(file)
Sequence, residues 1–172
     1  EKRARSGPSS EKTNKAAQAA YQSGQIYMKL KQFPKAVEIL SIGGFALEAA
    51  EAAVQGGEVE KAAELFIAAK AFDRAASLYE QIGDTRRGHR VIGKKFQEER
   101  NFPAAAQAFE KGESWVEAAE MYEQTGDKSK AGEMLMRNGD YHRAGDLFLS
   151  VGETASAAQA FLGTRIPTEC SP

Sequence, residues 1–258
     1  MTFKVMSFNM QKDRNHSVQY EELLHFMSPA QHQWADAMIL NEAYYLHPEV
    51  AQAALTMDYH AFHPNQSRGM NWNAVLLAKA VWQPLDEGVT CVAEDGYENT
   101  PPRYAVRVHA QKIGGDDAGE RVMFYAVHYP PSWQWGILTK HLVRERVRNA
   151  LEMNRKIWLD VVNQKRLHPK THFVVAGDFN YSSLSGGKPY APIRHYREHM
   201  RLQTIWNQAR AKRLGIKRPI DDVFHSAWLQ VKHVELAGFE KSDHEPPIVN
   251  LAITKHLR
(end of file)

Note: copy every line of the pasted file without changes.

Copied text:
Sequence, residues 1–172
     1  EKRARSGPSS EKTNKAAQAA YQSGQIYMKL KQFPKAVEIL SIGGFALEAA
    51  EAAVQGGEVE KAAELFIAAK AFDRAASLYE QIGDTRRGHR VIGKKFQEER
   101  NFPAAAQAFE KGESWVEAAE MYEQTGDKSK AGEMLMRNGD YHRAGDLFLS
   151  VGETASAAQA FLGTRIPTEC SP

Sequence, residues 1–258
     1  MTFKVMSFNM QKDRNHSVQY EELLHFMSPA QHQWADAMIL NEAYYLHPEV
    51  AQAALTMDYH AFHPNQSRGM NWNAVLLAKA VWQPLDEGVT CVAEDGYENT
   101  PPRYAVRVHA QKIGGDDAGE RVMFYAVHYP PSWQWGILTK HLVRERVRNA
   151  LEMNRKIWLD VVNQKRLHPK THFVVAGDFN YSSLSGGKPY APIRHYREHM
   201  RLQTIWNQAR AKRLGIKRPI DDVFHSAWLQ VKHVELAGFE KSDHEPPIVN
   251  LAITKHLR